This question can show how well a candidate can handle stressful situations, which can be a big part of working in HR. The answer a candidate gives can also show how much experience they have, since people who have dealt with harder problems may have been in the field longer. Talk about a problem you helped to solve to answer this question.

 

Example: “When my old company had a high turnover rate and couldn’t figure out why for months, it was one of the hardest things I’ve ever had to do in my HR career. I talked to a few employees about how happy they were with their jobs to figure out what to do. I found that our company paid people in a certain job much less than the average for the industry. After looking at the budget, we were able to raise the pay for that job and see that people stayed with the company longer.”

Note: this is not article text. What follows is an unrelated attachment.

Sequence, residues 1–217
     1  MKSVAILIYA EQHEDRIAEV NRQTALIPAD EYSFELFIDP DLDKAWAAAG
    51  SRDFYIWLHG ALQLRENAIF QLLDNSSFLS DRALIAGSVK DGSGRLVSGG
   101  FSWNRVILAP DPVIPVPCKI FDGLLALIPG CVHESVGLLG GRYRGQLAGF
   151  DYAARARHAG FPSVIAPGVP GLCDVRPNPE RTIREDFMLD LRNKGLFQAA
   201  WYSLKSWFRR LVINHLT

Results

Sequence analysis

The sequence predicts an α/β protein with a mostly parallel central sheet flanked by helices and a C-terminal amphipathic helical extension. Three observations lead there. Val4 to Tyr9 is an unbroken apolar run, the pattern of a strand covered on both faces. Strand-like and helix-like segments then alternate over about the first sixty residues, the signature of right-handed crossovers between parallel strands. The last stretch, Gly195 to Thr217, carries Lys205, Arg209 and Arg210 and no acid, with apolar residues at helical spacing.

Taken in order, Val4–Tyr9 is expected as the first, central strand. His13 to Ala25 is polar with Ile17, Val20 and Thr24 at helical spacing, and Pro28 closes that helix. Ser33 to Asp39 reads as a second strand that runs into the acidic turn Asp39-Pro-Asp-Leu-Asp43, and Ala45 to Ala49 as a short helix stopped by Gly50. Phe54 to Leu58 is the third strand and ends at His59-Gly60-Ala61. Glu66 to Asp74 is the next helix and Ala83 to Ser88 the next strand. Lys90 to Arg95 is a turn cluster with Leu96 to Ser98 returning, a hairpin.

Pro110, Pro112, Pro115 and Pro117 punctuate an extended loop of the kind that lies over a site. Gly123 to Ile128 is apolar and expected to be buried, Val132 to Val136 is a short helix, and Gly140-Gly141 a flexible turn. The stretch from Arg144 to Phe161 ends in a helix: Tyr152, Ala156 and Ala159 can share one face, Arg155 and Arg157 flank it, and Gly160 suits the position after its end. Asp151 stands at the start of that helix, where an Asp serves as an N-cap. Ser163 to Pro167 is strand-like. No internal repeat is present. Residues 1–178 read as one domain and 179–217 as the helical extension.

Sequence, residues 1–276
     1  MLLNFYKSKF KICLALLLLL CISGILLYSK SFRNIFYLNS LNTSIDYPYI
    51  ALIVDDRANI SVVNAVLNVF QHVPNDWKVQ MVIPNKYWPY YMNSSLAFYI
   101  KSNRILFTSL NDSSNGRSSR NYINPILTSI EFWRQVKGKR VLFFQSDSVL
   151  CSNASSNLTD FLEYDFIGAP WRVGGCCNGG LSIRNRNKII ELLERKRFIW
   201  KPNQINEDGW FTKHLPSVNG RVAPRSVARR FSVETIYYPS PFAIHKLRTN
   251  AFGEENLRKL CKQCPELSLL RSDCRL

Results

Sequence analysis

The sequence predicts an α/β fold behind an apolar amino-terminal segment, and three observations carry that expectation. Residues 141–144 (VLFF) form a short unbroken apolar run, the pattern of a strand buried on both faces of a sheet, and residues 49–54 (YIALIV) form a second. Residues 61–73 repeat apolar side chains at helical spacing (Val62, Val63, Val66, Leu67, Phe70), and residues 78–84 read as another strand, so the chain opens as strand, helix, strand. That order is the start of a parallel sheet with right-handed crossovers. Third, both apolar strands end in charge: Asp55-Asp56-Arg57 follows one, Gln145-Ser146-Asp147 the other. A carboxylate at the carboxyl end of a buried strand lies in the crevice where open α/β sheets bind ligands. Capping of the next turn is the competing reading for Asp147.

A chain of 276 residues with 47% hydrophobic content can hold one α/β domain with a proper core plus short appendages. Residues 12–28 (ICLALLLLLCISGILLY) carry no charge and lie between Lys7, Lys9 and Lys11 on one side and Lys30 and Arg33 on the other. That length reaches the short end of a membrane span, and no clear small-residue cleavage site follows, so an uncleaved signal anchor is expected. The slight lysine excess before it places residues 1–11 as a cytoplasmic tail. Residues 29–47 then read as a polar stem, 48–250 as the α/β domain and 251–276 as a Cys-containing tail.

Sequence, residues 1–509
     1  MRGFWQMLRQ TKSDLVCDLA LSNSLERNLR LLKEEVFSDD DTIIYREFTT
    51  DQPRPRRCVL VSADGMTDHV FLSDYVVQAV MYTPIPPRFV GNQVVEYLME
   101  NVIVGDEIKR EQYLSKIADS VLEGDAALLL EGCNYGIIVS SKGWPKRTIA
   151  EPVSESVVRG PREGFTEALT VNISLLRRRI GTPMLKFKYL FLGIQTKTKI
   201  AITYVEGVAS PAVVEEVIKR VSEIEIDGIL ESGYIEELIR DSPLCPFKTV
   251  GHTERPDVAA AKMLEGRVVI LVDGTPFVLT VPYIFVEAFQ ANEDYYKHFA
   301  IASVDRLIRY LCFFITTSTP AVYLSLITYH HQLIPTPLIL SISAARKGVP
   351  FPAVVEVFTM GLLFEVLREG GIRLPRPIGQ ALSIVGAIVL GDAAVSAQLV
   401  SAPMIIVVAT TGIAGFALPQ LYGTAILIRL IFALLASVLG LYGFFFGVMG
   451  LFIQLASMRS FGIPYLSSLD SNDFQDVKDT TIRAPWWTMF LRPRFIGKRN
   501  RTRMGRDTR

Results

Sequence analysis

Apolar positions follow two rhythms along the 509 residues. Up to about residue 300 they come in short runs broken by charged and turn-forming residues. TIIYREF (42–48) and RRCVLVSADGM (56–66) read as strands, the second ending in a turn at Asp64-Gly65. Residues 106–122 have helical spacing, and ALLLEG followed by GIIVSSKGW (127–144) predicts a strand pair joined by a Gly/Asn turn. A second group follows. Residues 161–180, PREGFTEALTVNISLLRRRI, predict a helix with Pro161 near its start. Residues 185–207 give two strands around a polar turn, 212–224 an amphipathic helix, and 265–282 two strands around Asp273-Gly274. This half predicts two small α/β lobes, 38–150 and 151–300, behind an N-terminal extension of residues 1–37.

7. What do you expect from the company’s top people and the heads of other departments?

This is a question an employer might ask to see how good a candidate is at being a leader and talking to people. This is because HR business partners often work with the heads of other departments and can sometimes use what they learn to improve HR and business operations as a whole. To answer this question, you can talk about how you want to work with other company leaders and how you have worked with other company leaders in the past.

Example: “In my past jobs, I always met with department heads often to get feedback on how HR worked and ideas on how to make it better. At my new job, I want to make sure that all of the HR tasks I take care of are in line with the business’s current practices and strategies. To do this, I plan to keep all of the department heads’ doors open.”